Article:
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Munson: The Life and Death of a Yankee Captain Hardcover – July 7, 2009
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Amazon Best of the Month, July 2009: For Yankee fans, catcher Thurman Munson remains a sentimental standout among the storied lineup of George Steinbrenner’s late '70s Bronx Zoo dynasty of Yankee baseball, when the team made it to three consecutive World Series, winning in '77 and '78. Former Yankee Public Relations Director Marty Appel was the ghostwriter on Munson's autobiography, and now, three decades later, returns to his legendary subject in the biography, Munson: The Life and Death of a Yankee Captain.
As a Yankee insider, Appel keeps Munson, "the heart and soul of a world championship team," in a mostly positive light, though he does reveal more sensational elements of Munson's troubled childhood in Canton, Ohio, where his emotionally abusive father criticized him right up to the end of his short life, even chewing out the casket at Munson's funeral. Appel documents Munson's career as a scholarship athlete at Kent State, his time in the Cape Cod league, and his quick ascension to the major leagues and the Yankees, where he won Rookie of the Year in 1970 and was eventually made team captain, the first player to hold the title since Lou Gehrig. His blue-collar work ethic and gruff but lovable demeanor made him an instant fan favorite (a shot of him making a tag at home plate was the first action photo used in a Topps baseball card). And during that Bronx Zoo era, gloriously depicted in Ladies and Gentlemen, The Bronx Is Burning, it was the down-to-earth Munson who balanced out (and butted heads with) his flashy teammate Reggie Jackson. After Jackson made his infamous "I'm the straw that stirs the drink" comments in a Sport magazine interview, Munson was asked if Jackson was quoted out of context. Munson's reply: "For three pages?"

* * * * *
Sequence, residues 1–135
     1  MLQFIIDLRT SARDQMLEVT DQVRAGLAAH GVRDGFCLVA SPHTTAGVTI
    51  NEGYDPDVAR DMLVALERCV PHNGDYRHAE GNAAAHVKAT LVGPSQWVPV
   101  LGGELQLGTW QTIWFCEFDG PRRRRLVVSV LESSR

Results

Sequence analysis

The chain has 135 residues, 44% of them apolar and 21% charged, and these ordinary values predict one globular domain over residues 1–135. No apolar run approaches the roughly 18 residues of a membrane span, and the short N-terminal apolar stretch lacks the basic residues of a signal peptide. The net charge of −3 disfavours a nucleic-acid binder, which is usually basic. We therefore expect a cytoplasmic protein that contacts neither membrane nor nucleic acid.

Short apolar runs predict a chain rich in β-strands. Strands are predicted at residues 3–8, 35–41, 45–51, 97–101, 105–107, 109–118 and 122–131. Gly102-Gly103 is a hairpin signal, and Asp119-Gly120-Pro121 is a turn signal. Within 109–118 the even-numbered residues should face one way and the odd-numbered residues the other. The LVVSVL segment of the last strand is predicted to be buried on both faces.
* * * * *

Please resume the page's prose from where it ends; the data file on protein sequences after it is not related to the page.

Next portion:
Munson was only 32 when he was killed after the plane he was piloting crashed in Canton, Ohio, on August 2, 1979. Despite so many bitter memories of Ohio, it's where he ended up marrying and starting a family, and part of the reason he learned how to fly was to be able to increase visits to his family from New York. Even though he was a relatively inexperienced pilot, he quickly worked his way up from a two-piston engine to a jet. And pilot error was eventually cited as the reason for the crash, which occurred while practicing touch-and-go-landings. At the home-opener the day after his death, when No. 15 was retired, there was a ten-minute standing ovation in memory of the Yankee catcher. Munson was never inducted into the Baseball Hall of Fame, but Marty Appel's biography remains a fitting tribute. --Brad Thomas Parsons
Amazon Exclusive: Marty Appel on Why Munson Matters
Sports biographies can get a little nasty these days. Have a quick look at the covers of new books this year--a year in which I’m thrilled to see the publication of Munson, my new biography of Thurman Munson, by the way--and you see the story. On the one hand, you see a classic shot of Thurman, the old-school catcher and Captain of the Bronx Zoo... And on the other, well, you get players linked to steroids.
There is the feeling, looking at that photo of Munson, that he represented something genuine and beautiful about baseball, and maybe something bigger--a respect for the profession, a pride in performance. Oh, how he played the game!